Hello again, I think you meant: {a,b}-{c,d} right? That is simply the subtraction of two complex numbers, where in that example a and c are the real parts and b and d are the imaginary parts. So for a number: 2+3*j we would represent it in code as: {2,3} Some variables are complex too though, so they could be represented as simply A for example, where: A={2,3} which would make A here equal to the above 2+3*j complex number. So we can operate on that as in: B=A-{2,3} and because A is the same as {2,3} here this would make B equal to {0,0}, where both the real and imag parts came out to zero after the subtraction. The language used is called "Euphoria" and it is a free and open source language. In that language we also have 'sequences' like: {1,2,3,4,5} so in one line of the routine i posted we have: return {y-{ba,0},y2-{ba,0},y3-{ba,0}} so the first return value if we call it r1 it is: r1=y-{ba,0} and here we are simply subtracting {ba,0} from the complex y. Similarly, we have the other two return values r2 and r3: r2=y2-{ba,0} r3=y3-{ba,0} and in the 'return' statement they are grouped into one sequence: {r1,r2,r3} and to make it a return value: return {r1,r2,r3} and those are the three solutions (the cubic always has three solutions, possibly two of the three are a complex conjugate pair). so that is the same as: return {y-{ba,0},y2-{ba,0},y3-{ba,0}} The only real difference with that routine is that the complex numbers are handled as sequences of two numbers {a,b}. A note on the functions: fabs() is just taking the absolute value of a number. Sgn() just finds the sign of the number. cPower() is a function that calulates a complex power X^Y with both X and Y complex and returns a complex number. cMult() is a function that multiplies two complex numbers and returns a complex number. Sqrt3 is simply a constant equal to the square root of 3.
Here's the solution to the cubic in Latex: And in text: x1 -> -a2/3 - (2^(1/3)*(3*a1 - a2^2))/(3*(-27*a0 + 9*a1*a2 - 2*a2^3 + 3*Sqrt[3]*Sqrt[27*a0^2 + 4*a1^3 - 18*a0*a1*a2 - a1^2*a2^2 + 4*a0*a2^3])^(1/3)) + (-27*a0 + 9*a1*a2 - 2*a2^3 + 3*Sqrt[3]*Sqrt[27*a0^2 + 4*a1^3 - 18*a0*a1*a2 - a1^2*a2^2 + 4*a0*a2^3])^(1/3)/(3*2^(1/3)) x2 -> -a2/3 + ((1 + I*Sqrt[3])*(3*a1 - a2^2))/ (3*2^(2/3)*(-27*a0+9*a1*a2-2*a2^3+3*Sqrt[3]*Sqrt[27*a0^2 + 4*a1^3 - 18*a0*a1*a2 - a1^2*a2^2 + 4*a0*a2^3])^(1/3)) - ((1 - I*Sqrt[3])*(-27*a0 + 9*a1*a2 - 2*a2^3 + 3*Sqrt[3]*Sqrt[27*a0^2 + 4*a1^3 - 18*a0*a1*a2 - a1^2*a2^2 +4*a0*a2^3])^(1/3))/(6*2^(1/3)) x3 -> -a2/3 + ((1 - I*Sqrt[3])*(3*a1 - a2^2))/ (3*2^(2/3)*(-27*a0 + 9*a1*a2 - 2*a2^3 +3*Sqrt[3]*Sqrt[27*a0^2 + 4*a1^3 - 18*a0*a1*a2 - a1^2*a2^2 + 4*a0*a2^3])^(1/3)) - ((1 + I*Sqrt[3])*(-27*a0 + 9*a1*a2 - 2*a2^3 + 3*Sqrt[3]*Sqrt[27*a0^2 + 4*a1^3 - 18*a0*a1*a2 - a1^2*a2^2 + 4*a0*a2^3])^(1/3))/(6*2^(1/3))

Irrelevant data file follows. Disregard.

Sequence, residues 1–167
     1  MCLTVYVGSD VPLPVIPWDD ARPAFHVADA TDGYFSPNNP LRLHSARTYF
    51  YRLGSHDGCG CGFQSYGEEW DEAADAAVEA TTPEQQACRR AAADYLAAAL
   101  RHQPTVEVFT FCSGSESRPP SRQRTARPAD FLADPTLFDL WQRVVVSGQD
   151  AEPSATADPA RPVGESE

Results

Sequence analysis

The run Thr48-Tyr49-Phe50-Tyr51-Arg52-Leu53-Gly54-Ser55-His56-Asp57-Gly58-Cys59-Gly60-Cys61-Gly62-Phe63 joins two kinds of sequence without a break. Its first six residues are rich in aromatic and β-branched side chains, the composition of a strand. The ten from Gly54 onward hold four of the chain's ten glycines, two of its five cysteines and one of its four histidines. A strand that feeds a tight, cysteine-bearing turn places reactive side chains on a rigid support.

Yes I agree with you,. But I disagree strongly with your views on LaTex, and would be happy to continue your offer of civil discourse on that subject if the mods would split this subject off to a new thread. As regards to the purpose of this thread, namely the solution of cubic equations since no one is interested in my details of the simplest way to solve the given equations ( at considerable effort due to LaTex issues) I do not wish to waste further time and effort on this here.
Hi again, If you like one of us can start a new thread and discuss this (Latex and related) some more, i'd be interested in talking about it a little more too. Here is the simplified procedural p and q method. This is about the same as before but more straightforward, where each step does a smaller piece of the puzzle. Note some intermediate results may come out to be complex... Definition: cuberoot(x)=x^(1/3) For the cubic equation: A*x^3+B*x^2+C*x+D define: b=B/A c=C/A d=D/A then: p=(3*c-b^2)/3 q=(27*d-9*b*c+2*b^3)/27 D=(q/2)^2+(p/3)^3 sD=sqrt(D) then: u=-cuberoot(q/2-sD) v=-cuberoot(q/2+sD) then (note 'z' below contains the imaginary operator 'j'): w=-(u+v)/2 z=sqrt(3)*j*(u-v)/2 then: y1=u+v y2=w+z y3=w-z then finally the solutions to the original cubic equation: x1=y1-b/3 x2=y2-b/3 x3=y3-b/3
MOD NOTE: I've tried to split off the LaTeX discussion into a new thread: http://forum.allaboutcircuits.com/threads/latex-pros-and-cons.111958/ A number of posts here have a foot in both camps (the TS's topic and the LaTeX topic), so it was difficult deciding which ones should stay and which should go. If you are planning to say anything about LaTeX, please go to the new thread.